He had observed a Meyer lemon tree two blocks from his domicile, but it was inconveniently rooted in a fenced yard. The premises was occupied by a real estate office tenant, a small operation of five or so folks. He paid the office a visit one afternoon and requested an audience with the business owner. Audience was granted and Adornato explained the reason for his visit.

‘It’s not just a lemon tree you’ve got here, it’s a Meyer lemon tree,’ he confidently explained. ‘If you don’t mind, I’d like and appreciate very much the opportunity to pull some lemons off that tree (pointing to the tree out the window) as they ripen up.’

The business owner, having patiently heard him out, granted authorization. Was he just a nice guy, the business owner, for saying yes? Or maybe intimidated by a possible imbalance in a person who’d approach a business for access to their rented lemon tree. Either way, lack of initiative would have left those lemons as a distant coveted object. Instead, the tree was harvested multiple times. He’d enter through the rear gate, wave to the real estate personnel looking on from the safe confines of the office, pick the fruit, and place it in the sack. He even dropped by once to fertilize it.

I never did ask him how committed was his harvesting, but I can only hope he was going whole hog. I want the imagery of him hauling a ladder two blocks from home and climbing up in the tree rather than just casually pulling off what low-bearing fruit he could reach.

The real estate office has since moved. A new tenant exists. But another sales pitch for the Meyer lemon tree access is no longer needed. His on-site tree is now grown and bearing it’s favored fruit.

Wednesday, December 9, 2009

A Word For the United Nations. Useless.

The United Nations is a bloated carcass of undulating rubbish not worthy of the high level of press coverage, pomp, and elitist sentiment that it and its members enjoy. But that’s just this guy’s opinion.

The United Nations is hosting a climate change forum in Copenhagen, Denmark. The United Nations Framework Convention on Climate Change began Monday and is in progress through next week.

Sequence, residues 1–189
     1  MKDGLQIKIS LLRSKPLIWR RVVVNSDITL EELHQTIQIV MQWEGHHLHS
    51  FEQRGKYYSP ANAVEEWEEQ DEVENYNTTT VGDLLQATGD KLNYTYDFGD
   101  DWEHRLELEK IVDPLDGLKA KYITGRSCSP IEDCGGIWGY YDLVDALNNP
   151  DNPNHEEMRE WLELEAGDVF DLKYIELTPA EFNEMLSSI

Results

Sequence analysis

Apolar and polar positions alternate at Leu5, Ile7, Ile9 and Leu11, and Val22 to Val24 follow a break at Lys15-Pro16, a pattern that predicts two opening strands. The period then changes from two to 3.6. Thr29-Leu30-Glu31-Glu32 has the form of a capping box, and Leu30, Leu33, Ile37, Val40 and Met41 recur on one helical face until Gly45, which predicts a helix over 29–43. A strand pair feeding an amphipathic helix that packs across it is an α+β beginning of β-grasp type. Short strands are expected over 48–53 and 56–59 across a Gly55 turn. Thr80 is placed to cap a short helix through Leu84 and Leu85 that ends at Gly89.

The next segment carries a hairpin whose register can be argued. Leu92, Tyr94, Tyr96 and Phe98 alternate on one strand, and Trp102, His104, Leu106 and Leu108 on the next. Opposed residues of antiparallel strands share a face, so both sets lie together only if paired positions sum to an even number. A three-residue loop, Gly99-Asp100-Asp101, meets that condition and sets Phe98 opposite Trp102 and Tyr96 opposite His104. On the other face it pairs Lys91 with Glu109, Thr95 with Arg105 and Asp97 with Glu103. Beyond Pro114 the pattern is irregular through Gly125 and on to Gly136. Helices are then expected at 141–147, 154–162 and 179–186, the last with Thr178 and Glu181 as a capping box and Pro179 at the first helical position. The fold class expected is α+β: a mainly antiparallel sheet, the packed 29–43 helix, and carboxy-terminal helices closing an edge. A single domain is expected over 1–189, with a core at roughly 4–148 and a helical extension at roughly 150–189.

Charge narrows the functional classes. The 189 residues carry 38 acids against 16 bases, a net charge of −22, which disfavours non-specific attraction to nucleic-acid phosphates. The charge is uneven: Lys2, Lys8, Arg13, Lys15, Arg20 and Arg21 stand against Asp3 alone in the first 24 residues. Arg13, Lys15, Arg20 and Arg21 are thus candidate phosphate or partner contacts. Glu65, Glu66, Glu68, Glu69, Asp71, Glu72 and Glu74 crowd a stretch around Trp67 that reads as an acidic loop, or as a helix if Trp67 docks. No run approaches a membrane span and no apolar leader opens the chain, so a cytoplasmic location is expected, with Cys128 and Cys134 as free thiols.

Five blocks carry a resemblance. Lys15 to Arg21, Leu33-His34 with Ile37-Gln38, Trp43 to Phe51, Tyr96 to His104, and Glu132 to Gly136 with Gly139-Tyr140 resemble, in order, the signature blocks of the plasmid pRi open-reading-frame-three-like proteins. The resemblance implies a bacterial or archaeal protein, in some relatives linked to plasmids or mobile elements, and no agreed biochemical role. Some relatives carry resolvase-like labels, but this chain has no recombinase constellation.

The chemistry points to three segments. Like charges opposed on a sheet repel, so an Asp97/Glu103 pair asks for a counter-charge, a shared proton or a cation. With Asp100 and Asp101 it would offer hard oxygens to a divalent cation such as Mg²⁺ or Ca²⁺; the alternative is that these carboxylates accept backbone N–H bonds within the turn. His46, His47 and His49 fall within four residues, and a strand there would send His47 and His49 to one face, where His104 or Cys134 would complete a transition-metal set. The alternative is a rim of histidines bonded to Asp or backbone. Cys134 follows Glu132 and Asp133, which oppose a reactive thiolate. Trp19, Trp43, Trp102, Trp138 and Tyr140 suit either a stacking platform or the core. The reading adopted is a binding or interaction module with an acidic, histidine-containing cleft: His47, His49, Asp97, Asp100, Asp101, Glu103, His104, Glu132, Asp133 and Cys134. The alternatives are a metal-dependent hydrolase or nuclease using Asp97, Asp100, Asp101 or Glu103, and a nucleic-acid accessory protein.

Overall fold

There’s been much embarrassment on the global warming/climate change front lately. There was the damning documents that were ‘leaked’ showing that data had been manipulated to support the global warming claims while stifling ‘troublesome’ data that countered its desired position. The correspondence shows that many of these scientists were fighting for a cause, rather than science and truth-seeking [click here for the story].

The U.N. is deep into supporting global warming / climate change. My gripe with this movement is that the focus is not in handling the sources and causes of the problem, such as China and India, because these developing countries have no interest in playing along. The target, instead, is the U.S. and western countries that have already taken measures over the years to clean and improve their society’s earth-friendly behavior. So the climate changers peddle their wares to those willing to drink deeply. This creates a major misallocation of resources away from actual problems into these unsubstantiated claims.

But my point in this missive is not to discuss the merits, or lack thereof, of climate change. It is how to revise the appropriate level of perceived worth unto the U.N. from its current undeserved elevation.

Certainly there are larger issues with which to fault the U.N.; its existence, the corruption, and the vaguely worded statements that make its every movement a farcical motion. But this is the issue at hand.

How to amend the U.N.’s undeserved stature? Punish the U.N. by having the U.S. drop out? No. My proposed fix is two-fold:

(1) Treat the United Nations as what it really is. Treat it like an elaborate Rotary Club. Everyone gets together periodically, socializes, slaps each other on the back, pretends to exchange some very important patter, and then adjourn with no expectation of follow through. You go there to mingle, not to get anything done. It’s a giant cocktail party. By realizing this and acknowledging this one can go about properly allaying one’s expectations.